A better question for the pundits, which might help clear things up for them, is this: What makes you think this is any of your business?
Children, some still in diapers, have been seized from their parents by the government and locked in cages, with no clear way to reunite them with their families afterward. That situation might seem more urgent, in itself, than the question of how people chose to react to the government seizing children and locking them in cages. Yet here we are, caught up in this fuss over — manners? Civility?
What happened at the Red Hen in Lexington, Va., was not a contest between political parties, or between designated proxies of political parties. It was a private citizen telling a presidential administration official to go away, out of disgust with the fact that the administration is seizing children from their parents and locking them in cages and barring transgender people from military service. Likewise, the protesters who yelled at Nielsen were not aiming to be part of a normal political process, but to respond to extraordinary events with extraordinary actions.
The self-appointed civility police, the voices of respectable political journalism, are unable to understand this. To the extent that they grasp that there is a crisis, the crisis is that somehow, regrettably, the nation has stopped engaging in politics as usual — and so the answer must be to insist that everyone work together and act as if things are normal, which will restore the old standards of behavior. Be deferential and polite, trust our institutions and wait for a better democratic republic to take shape around you.
As practical advice to professional politicians, this is ahistoric and almost certainly wishful thinking. Barack Obama sits silently and courteously in self-imposed exile, having spent eight years preaching consensus and comity while his party lost control of the entire federal government and most of the states.
But as advice to individual Americans, living their own lives at this moment in history, it is even more worthless. A restaurant owner is responsible for her own dining room, not for the potential outcome of the midterm elections, let alone for some hypothetical trajectory of public opinion that might affect the outcome of the midterms. Dissecting the political effects of one act of conscience at the Red Hen restaurant is like sending hurricane hunter planes chasing after butterflies flapping their wings.
Yet the planes are aloft. In the name of holding someone — anyone, whoever is handy — to a higher standard, the discussion has inverted the events, until the restaurant owner becomes a powerful institution and the White House press secretary becomes a regular person punished for expressing herself. Sanders is paid with our tax dollars to lie to us about abuses being done in our name. It is fine for an ordinary citizen, given the chance, to tell her in return (politely, even!) that she is not welcome.
The eruption was easy to predict. Civility may not be entirely useless, but it has a remarkably short range before it backfires. If it has value at all, it’s as a standard to set for your own conduct, not to order others around with.
One of the telling features of this political moment is that the president — the lying, slandering, raging, insulting president — constantly whines about how nastily and unfairly other people treat him. It justifies everything. When analysts warn against sinking to Trump’s level, they are missing that point: Complaining about bad manners is, itself, Trump’s level. Trump would desperately rather talk about his staff being mistreated than about children in cages. To fret about it along with him, to echo the notion that some fundamental rule was violated by not serving Sanders a fancy dinner, is to take an active part in his performance of victimhood.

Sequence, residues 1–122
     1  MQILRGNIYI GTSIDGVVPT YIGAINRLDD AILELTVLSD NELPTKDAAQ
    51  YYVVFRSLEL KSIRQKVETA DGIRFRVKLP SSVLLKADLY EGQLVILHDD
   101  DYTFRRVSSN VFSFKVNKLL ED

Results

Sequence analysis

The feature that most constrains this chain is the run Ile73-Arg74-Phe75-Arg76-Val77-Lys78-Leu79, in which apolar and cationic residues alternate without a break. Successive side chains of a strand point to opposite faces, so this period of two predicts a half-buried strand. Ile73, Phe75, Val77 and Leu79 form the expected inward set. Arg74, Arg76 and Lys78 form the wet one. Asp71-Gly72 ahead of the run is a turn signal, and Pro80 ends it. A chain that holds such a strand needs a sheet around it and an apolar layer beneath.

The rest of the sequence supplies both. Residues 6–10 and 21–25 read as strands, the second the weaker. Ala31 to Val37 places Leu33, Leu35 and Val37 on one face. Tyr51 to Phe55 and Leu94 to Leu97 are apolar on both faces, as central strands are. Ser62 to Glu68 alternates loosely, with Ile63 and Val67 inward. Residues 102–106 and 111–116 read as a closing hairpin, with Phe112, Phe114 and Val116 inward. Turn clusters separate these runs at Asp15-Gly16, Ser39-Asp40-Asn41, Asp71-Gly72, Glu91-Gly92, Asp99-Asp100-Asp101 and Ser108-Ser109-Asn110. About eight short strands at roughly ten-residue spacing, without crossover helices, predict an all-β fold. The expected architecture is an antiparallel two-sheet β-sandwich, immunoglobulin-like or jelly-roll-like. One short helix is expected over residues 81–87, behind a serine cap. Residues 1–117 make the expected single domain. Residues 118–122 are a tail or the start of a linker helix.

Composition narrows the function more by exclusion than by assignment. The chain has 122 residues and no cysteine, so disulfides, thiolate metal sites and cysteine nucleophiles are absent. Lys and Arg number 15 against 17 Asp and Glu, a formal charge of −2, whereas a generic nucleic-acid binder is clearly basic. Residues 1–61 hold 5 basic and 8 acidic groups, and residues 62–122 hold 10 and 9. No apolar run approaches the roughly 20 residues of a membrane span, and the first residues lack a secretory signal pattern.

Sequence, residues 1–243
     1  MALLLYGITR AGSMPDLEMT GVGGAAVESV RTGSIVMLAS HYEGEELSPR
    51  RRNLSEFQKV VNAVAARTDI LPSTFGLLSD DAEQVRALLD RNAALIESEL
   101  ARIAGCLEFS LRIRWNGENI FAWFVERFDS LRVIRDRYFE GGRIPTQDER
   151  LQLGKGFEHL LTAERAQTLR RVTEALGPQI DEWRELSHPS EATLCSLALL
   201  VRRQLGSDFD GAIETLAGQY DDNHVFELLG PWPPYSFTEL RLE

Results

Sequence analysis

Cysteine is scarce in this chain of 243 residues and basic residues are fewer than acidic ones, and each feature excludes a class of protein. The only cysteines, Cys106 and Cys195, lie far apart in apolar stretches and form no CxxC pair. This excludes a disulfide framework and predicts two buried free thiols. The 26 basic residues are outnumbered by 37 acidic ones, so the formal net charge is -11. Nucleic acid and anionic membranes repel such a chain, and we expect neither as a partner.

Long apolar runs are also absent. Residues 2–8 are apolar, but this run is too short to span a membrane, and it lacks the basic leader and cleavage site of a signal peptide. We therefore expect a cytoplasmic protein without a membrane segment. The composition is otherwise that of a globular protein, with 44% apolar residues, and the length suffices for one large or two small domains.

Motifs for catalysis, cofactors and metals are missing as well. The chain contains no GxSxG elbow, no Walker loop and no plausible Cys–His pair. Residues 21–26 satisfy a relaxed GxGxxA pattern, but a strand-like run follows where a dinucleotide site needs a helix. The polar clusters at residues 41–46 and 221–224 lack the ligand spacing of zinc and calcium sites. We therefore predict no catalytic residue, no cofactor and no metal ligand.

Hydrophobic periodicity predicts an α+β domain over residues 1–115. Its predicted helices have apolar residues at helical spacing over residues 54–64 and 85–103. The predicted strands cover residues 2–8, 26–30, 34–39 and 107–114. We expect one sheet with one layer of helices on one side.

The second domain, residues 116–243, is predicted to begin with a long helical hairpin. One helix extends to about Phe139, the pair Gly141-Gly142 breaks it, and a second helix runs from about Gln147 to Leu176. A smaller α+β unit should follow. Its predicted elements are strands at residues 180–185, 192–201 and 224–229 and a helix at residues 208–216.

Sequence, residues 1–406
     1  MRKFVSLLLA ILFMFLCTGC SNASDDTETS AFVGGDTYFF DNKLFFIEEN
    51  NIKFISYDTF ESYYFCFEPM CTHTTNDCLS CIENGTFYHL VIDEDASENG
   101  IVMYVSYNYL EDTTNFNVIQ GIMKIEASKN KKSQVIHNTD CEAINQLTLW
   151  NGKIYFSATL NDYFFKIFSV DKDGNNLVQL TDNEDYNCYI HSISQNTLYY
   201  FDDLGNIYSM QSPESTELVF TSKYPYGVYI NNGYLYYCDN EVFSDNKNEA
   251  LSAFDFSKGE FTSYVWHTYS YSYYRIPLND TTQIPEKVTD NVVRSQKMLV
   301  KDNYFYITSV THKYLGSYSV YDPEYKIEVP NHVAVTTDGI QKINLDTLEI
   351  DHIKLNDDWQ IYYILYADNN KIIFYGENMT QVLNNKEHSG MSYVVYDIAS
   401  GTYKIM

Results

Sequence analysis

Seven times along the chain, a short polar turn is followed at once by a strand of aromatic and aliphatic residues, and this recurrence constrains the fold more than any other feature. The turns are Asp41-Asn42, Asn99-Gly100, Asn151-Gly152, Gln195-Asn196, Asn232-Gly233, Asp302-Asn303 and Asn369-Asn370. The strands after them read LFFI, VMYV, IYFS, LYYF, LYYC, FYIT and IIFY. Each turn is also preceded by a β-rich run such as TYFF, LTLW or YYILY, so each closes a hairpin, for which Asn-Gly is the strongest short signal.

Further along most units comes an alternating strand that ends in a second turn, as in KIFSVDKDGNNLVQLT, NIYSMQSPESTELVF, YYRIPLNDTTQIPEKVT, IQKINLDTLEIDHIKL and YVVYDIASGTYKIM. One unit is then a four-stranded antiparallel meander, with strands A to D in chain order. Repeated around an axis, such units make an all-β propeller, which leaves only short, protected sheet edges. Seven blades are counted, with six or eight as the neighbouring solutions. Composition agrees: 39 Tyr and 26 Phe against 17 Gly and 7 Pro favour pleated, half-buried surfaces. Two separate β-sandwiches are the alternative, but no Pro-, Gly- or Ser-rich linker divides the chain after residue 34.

No appeal to decency can ever bring Trump and the Trumpists around. It is not possible to mollify a political cult that runs on outrage, and it’s not worth trying. People are moved to protest what they’re witnessing, and even in the most high-minded of times, there is no form of protest polite enough to be acceptable to the people and institutions being protested. That’s why it’s a protest. Kneeling silently is enough to get a successful quarterback blackballed from the NFL and denounced by the president.
The people who narrate our current events have a strange shared fantasy that there is some other, nicer way. They invoke the Rev. Martin Luther King Jr., as if King had been known in his time for his deference to his opponents’ feelings, rather than being denounced as an agitator. As if King, moreover, had been a Democratic Party operative, out to enhance his team’s chances of winning, rather than a member of a movement willing to break the party’s existing coalition for the sake of dragging it closer to justice.
Children are sleeping under foil blankets in federal captivity. It is not any person’s duty to make life more comfortable for the White House press secretary, or for the head of Homeland Security, or for any of the other officials who conceived, carried out and defended the policy of tearing apart families. It is not a private citizen’s job to ask whether their revulsion and outrage have been correctly calibrated to fit party goals for the next two cycles, on the theory that the highest human calling is to be a successful campaign strategist. If pundits are worried about the relationship between manners and brutality, instead of asking whether people ought to be so rude to the administration, they might ask what they’ve accomplished by being polite.